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things i remember: heaven was in the room 

The details of that week blend into one long day: The mini-blinds were open but the sunlight was muted by turquoise drapes. Your comforter had accents of lime green. My brother -- your son -- sat on a chair, your yellow cat on his lap. They faced the bed where you lay sleeping, a man and a beloved pet holding vigil. A friend came to visit, and she held your hand and prayed.

The night you died, we crowded around you in that tiny bedroom with the matted carpet. We wanted you to know you were not alone.

In the light cast by a single, dim bulb, we sang your favorite hymns, following the words in tattered songbooks, hoping you could hear us. We remembered the hospice nurse’s words: “It would be good to tell her you’re going to be okay.” So, against all human instinct, we told you it was okay for you to go. 

I placed morphine drops on your tongue.

Were you hurting? I didn’t think you were. I’ve told people that you never suffered in those last few days, those last few hours. But is that true? We expected a rattle from your lungs, a final release of your bladder. And when none of that happened we attributed it to a lack of suffering. 

Still: At our most primal, we are cells and biology. Our bodies battle to live. We are human. We fear. We hurt. You took shallow breaths. You worked your jaw. So I placed morphine drops on your tongue.

At the funeral, the friend who had sat with you wasn’t sure how to describe those last peaceful moments she spent with you. She summed it up by saying she felt Heaven was in the room.

She marveled: “Heaven was in the room.”


I used to think about heaven in terms of religion, in terms of faith. 

But does a celestial reward validate our human suffering in the present? Does my view of an afterlife give me the right to make life on earth more difficult for those who don’t share my view? Does claiming a certain faith make one more deserving than someone who claims a different faith?

Although I now think of heaven differently, I took comfort from her words then: “Heaven was in the room.”

Here's a confession: When you were diagnosed, I didn’t pray for a miracle. There's an almost unbearable weight of guilt and shame at acknowledging that I didn’t plead harder for your life. I’m sorry. Instead of asking for a miracle, I asked for strength. Not because I'm a good person or a good daughter. I made so many mistakes along the journey with you. I raged at your disease. I raged at the world. Sometimes I just wanted to punch something. To punch someone. But I prayed for strength because I knew what lay ahead on that long journey.

As a kid – even well into adulthood – I would have begged a patriarchal god to bestow the gift of healing on you, on me, on our family. And it’s not that I don’t feel you deserved it. It’s not that I didn’t want it for you. It’s not that I don’t miss you every single day. I still dream sometimes that you're alive and well and feeding me breakfast, or that we're sitting in your house talking. I even dreamed once that you walked into the room and that I said, “Mom, I couldn’t find you! I thought you were lost.” And you said, “Mi'ja, I thought I was lost, too.”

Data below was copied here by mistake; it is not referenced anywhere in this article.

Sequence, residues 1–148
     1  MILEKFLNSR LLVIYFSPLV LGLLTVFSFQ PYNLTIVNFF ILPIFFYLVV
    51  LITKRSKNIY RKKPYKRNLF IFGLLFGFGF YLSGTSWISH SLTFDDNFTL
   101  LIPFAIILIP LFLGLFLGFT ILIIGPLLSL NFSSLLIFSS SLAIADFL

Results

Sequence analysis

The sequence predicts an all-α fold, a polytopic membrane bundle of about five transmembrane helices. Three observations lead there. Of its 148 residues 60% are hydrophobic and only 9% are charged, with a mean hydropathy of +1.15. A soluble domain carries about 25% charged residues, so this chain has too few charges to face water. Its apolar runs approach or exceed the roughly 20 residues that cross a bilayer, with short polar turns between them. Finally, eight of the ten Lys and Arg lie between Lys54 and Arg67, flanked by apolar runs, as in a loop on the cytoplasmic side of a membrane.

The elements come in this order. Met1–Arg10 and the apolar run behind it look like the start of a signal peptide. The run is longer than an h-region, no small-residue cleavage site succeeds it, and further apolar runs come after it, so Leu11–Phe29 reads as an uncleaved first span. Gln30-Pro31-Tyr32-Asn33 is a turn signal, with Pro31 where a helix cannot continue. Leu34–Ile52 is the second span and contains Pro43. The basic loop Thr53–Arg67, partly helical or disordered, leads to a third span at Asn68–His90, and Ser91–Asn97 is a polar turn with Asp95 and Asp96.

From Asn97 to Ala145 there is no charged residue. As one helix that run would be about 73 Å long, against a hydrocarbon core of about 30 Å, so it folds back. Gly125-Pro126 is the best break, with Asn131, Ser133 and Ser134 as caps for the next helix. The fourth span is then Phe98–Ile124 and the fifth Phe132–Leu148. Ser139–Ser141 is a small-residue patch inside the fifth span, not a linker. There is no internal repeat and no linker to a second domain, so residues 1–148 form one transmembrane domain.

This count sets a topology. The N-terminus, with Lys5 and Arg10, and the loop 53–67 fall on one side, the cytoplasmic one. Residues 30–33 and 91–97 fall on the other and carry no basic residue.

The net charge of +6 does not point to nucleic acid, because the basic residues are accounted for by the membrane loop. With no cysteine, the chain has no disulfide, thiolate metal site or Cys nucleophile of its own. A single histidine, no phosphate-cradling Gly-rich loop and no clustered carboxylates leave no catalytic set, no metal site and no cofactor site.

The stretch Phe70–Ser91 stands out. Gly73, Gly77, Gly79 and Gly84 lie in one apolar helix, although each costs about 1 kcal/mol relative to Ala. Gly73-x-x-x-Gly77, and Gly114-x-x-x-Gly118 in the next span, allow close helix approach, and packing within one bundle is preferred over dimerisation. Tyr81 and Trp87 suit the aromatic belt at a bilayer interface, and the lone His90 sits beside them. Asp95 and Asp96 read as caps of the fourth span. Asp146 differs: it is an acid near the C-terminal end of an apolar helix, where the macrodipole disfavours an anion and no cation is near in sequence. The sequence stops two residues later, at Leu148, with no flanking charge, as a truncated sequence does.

So, no, it’s not that you didn’t deserve a miracle, or even that I don’t believe in miracles. But here's the thing about miracles -- and about being human: the miracles I believe in now are those that we -- people, family, friends, and even strangers -- create for ourselves and for others. When the doctor said the word “Alzheimer’s,” upending my life, the miracle you needed was for your family to pull together and figure it out – the care, the plan, the vision for a future in which you would need more and more help. That was the miracle I decided to work toward giving you. 

When the nurse said that we should tell you it was okay to go, the daughter I am wanted to scream: “But I will never be okay again.” But you needed the miracle of my letting go. So the human I am bit her tongue. I’m still trying to be okay. 

And it’s not that I don’t believe in the power of collective prayer or energy. If not for the prayers and help of those who supported us all those years when we were caring for you, I don’t think we would have survived this journey. When friends and family face hardships now, I think about what miracle, big or small, I can offer. Is it a phone call and the gift of listening? Is it something – a card, a meal, a care package -- I can send? Sometimes, it is simply a prayer for strength I can offer. I fail at this. A lot. But I strive to be that kind of human, not because I believe it will help me gain entrance into some version of a perfect afterlife, but because I want to make a difference in the imperfect here and now.

“Heaven was in the room.” I still take comfort in those words.

Because if the tears, the prayers, the morphine, the hymns, the yellow cat, the lime-green comforter, the hands that held yours, the matted carpet, the dim light, the turquoise drapes, your dying cells, your faltering lungs, the wails after you left us – if all the imperfect things that surrounded us, the things we held dear that night, physical objects like the tattered songbooks and the intangibles such as prayers, memories, hope, and love, above all, love – if all these things were present when you exhaled that last breath, then yes, Heaven was in the room.










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